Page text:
What happened on that night before he died was done in the presence of the apostles and passed down from them to us throughout the history of our church.  Why is the gift of the Eucharist important enough for us to set aside a special day to remember.  Perhaps it is because we have become complacent and so easily acclaim how the Eucharist nourishes us and feeds us.  But do we invite that same Holy Spirit which transforms an ordinary wafer and wine into the very body and blood of Jesus Christ to transform us? 

I read something in the Catholic Catechism that can help us obtain what is offered us in the Eucharist.  Paragraph 739 tells us the Holy Spirit sent to us by Jesus is God’s anointing upon us to nourish us, heal us, to give us life and to empower us to bear witness.  The catechism goes on saying by the Spirit at work within us we associate with the offering of self-sacrifice by Jesus.  It continues by saying through the sacraments (including the Eucharist) God communicates this Holy and sanctifying Spirit to us.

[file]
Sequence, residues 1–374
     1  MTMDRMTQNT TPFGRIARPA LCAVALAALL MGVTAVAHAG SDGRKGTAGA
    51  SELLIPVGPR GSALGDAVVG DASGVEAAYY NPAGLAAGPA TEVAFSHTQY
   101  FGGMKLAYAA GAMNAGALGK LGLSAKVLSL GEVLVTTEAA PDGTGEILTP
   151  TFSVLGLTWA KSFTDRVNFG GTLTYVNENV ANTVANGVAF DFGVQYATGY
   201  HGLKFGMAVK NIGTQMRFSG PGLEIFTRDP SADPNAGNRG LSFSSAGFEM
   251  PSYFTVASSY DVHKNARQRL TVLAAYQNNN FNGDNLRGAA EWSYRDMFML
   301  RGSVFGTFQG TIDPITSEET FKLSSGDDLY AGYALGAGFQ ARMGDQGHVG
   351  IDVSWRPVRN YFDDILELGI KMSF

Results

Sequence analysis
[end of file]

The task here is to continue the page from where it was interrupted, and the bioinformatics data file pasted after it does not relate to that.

At each mass we should remember that God so loved the world that he sent his Son so that those who believe may not perish but have eternal life.  We should expect to encounter God in the Sacrament and the Word each time we go to mass. We should not go to mass to get the Eucharist but to be transformed by the power of the Holy Spirit who through the sacrament of the Eucharist will begin to change our hearts and our life. 

Entering in the act of worship is the best way to begin to understand the Liturgy is a series of prayers, songs, times of listening and times of remembering and times of allowing God to touch your heart. There is no best part of the mass as it is all a time to encounter God and his desire to have you feel his love.  He gave us Jesus and Jesus gives us himself and the Holy Spirit in order that we may know who we are and how much God desires to have us respond to that love.